New to raving? Wondering what kind of music to expect? Here's part one of our Music to Expect at a Rave Blog series! This week's first article will cover EDM roots including House music, Trance, and Electropop.
Music to Expect at a Rave: Part One
To answer it simply: a ton… Raves are unique in the fact that they always play some form of electronically influenced music. Whether the track is spun by a producer or consists of a full band with some electronic influences or auto-tuning, raves and electronic festivals are always in some way electronic. The simplest, broken down genres of EDM are so diverse and varying that I couldn’t filter through them in a hundred articles, but I will do my best to cover some of the main ones over the next few weeks. To start, let’s dive into the past a little and explore the world of exciting House music, flowing Trance, and a more recent addition, bubbly Electro-pop.
To start, we’ll take a step back thirty years into the 1980’s. House music has begun springing up across America (mainly in Chicago, at the time) and starts to change the entire music scene. According to pigeonsandplanes.com, House was “taking influences from the percussion found in the highly popular disco music of the day … [and] certain producers focused on their tracks around a repetitive rhythm.” Essentially, these tracks follow a 4/4 beat which some call “four to the floor,” and consists of a kick drum every beat as well as snare and various hi-hat patterns in the track.
House can still be found raging at raves and clubs across America, Europe, and Australia (probably elsewhere, too). I picture bright vocals, fist-pumping, heart-beat rhythms and utter excitement when I think about house music. Some of my favorites from this genre include a variety of artists like Hardwell, Swedish House Mafia, Tiesto, Showtek, Benny Benassi, Calvin Harris, Steve Aoki, and Bloc Party. Onlythebeat.com lists their top five Electro House artists here.
House music seems to never go out of style, and continually influences almost every genre it comes into contact with. Since they love remixing tracks from many other genres, House artists can put a spin on a song that will leave you feeling nostalgic, elated, warm, and full of the kind of energy that makes you simply want to dance. Sounds pretty damn good to me. But before we move on, I’ll leave one of my favorite House tracks here to pump you up. Calvin Harris' Don't You Worry Child ft. John Martin.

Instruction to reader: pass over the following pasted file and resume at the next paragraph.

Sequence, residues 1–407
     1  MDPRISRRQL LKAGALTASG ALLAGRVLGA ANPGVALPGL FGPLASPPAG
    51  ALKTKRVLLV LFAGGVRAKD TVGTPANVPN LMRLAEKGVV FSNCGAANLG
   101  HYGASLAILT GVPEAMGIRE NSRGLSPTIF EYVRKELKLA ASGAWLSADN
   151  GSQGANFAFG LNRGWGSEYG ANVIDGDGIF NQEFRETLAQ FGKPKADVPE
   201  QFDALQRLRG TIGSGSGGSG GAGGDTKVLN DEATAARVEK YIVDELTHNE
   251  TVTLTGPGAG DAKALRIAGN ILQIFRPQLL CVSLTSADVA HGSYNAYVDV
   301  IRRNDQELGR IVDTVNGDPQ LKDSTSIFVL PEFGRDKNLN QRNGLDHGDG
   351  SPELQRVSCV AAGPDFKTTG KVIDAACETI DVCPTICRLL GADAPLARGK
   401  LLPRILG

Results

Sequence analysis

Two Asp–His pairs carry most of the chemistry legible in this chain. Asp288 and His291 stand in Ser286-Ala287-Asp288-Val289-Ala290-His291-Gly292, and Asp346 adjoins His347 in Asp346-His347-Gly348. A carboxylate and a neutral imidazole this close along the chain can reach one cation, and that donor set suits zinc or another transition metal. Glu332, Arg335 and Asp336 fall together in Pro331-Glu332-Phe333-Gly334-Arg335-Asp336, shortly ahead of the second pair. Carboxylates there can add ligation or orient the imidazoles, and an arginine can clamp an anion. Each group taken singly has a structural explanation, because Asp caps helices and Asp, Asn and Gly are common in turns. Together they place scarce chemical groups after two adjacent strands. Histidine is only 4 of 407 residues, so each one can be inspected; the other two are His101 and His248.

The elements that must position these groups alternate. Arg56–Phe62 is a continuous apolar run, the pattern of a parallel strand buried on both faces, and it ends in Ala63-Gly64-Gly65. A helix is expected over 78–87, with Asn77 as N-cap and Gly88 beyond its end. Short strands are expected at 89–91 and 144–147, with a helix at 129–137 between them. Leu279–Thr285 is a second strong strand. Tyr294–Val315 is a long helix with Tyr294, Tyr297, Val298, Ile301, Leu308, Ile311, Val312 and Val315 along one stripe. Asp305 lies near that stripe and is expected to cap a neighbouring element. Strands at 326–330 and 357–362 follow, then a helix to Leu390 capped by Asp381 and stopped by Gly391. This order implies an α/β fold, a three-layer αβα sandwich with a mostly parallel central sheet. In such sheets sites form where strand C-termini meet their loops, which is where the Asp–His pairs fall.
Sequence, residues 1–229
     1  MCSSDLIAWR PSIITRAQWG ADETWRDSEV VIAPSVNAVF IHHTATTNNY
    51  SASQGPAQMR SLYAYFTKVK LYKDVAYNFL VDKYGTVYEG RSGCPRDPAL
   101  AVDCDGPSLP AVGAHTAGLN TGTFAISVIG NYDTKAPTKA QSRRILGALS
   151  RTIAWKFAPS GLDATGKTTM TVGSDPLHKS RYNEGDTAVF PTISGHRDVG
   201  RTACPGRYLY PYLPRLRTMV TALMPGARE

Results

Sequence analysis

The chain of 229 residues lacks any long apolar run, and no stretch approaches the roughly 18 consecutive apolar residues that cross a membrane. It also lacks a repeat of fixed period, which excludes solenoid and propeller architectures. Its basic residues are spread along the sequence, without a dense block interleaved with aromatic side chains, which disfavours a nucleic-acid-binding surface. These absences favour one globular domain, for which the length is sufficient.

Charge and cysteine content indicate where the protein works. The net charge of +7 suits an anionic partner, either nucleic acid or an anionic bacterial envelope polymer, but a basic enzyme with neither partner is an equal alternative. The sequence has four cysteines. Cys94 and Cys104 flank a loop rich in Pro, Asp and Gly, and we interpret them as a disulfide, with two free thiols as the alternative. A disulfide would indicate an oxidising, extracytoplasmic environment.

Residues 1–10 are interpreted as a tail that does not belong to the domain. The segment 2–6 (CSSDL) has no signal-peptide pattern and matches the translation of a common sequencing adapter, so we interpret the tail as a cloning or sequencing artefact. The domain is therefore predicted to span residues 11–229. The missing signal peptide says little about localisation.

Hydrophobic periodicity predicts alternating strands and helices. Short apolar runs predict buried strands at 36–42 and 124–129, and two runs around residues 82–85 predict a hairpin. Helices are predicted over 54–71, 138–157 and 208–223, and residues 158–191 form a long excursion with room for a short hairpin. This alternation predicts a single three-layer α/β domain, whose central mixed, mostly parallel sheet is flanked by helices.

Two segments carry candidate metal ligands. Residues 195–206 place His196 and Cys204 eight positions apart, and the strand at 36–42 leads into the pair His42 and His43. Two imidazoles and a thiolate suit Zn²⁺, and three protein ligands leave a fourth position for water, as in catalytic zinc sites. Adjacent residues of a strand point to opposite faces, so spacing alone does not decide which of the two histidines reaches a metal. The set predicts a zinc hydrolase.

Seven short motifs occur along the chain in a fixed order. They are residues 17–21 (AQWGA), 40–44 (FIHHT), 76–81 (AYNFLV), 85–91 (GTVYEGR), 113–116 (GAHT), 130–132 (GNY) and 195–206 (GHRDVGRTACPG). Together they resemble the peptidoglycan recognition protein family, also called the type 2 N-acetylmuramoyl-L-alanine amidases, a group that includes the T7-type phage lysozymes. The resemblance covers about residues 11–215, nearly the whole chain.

Shifting from House music, we’ll delve into the dreamy world of Trance. Everything you’ve heard about trance music is probably true. Think of sweaty underground European dance clubs, fountains of flavored vodka, glitter, and smooth (nearly orgasmic) vocals caressing over every inch of your half-aware, dancing body. Newtrancemusic.com.au describes trance as possessing “qualities such as melodic overtones with hypnotic qualities. At a more technical level, trance can sit between 128 and 150 beats per minute.” To get even more picky, the word “trance” itself can be defined according to Dictionary.com as a “half-conscious state, seemingly between sleeping and waking, in which ability to function voluntarily may be suspended.” Sounds super intense, right? It can be.
Germany is known as the birthplace of Trance, and rumor has it that the term itself stemmed from an album called Trancefer, released in 1981 by Klaus Schulze. Others say it derived in the early 90’s from the feelings of elation felt by dancers when listening. It’s impossible to pinpoint the moment trance came to life in the scene. Yet, if I had to describe my own experience, I’d depict it as feeling acutely aware of one’s own heartbeat, and having heightened feelings of all kinds evoked through the repetitive, melodic rhythms. I’d say that you could even reach some state of elevated consciousness, or a semi-hypnotic state of being. There's tons of trance out there, including artists like Armin van Burin, ATB, and Paul Oakenfold. One of my all-time favorite trance tracks comes from Above & Beyond who performed with Pretty Lights this year at Denver’s annual NYE party, Decadence.
Inject Some Weirdness and You've Got...... ElectroPop
So what comes after House and Trance? Where did music go from there? I’ll tell you where: really weird places. That’s the beauty of electronic artists: they continually mix up the game when you start to get bored. Case and point: Crystal Castles. The first time I heard their music I was intensely scared, yet stoked at the same time. All I remember is thinking, “Man, this shit is weird.” But I kept listening… and listening… and listening. I couldn’t stop. Crystal Castles take a darker spin on our next genre: Electropop. However, artists like Cut Copy, Neon Neon, and Icona Pop take a little brighter (but still weird) spin off of trance/house and combine it with the vocal styles of today’s Pop music to create a glorious, semi-freaky, yet adorable lovechild. CEO released an album nine days ago, and the album cover says everything I ever need to say about Electropop----->
Even more diverse than house and trance, this style of music varies greatly and attracts listeners of all kinds. The only real necessity to be considered electropop is an overabundance of synthesizers, and some good ole’ pop lyrics. If you’re still struggling, I will direct you to this song, one of my favorite Electropop tracks of all time, Latch by Disclosure.
Regardless of whether you like House, Trance, or jam out to some weird ElectroPop in a onesie every evening, there's a legacy here that's being continually built upon. Life and chords all follow a progrssion (pun intended) and music will continue to evolve as long as we keep our minds and hearts open.
Be sure to check out next week’s blog for more popular edm genres! Part Two coming February 20th, 2014!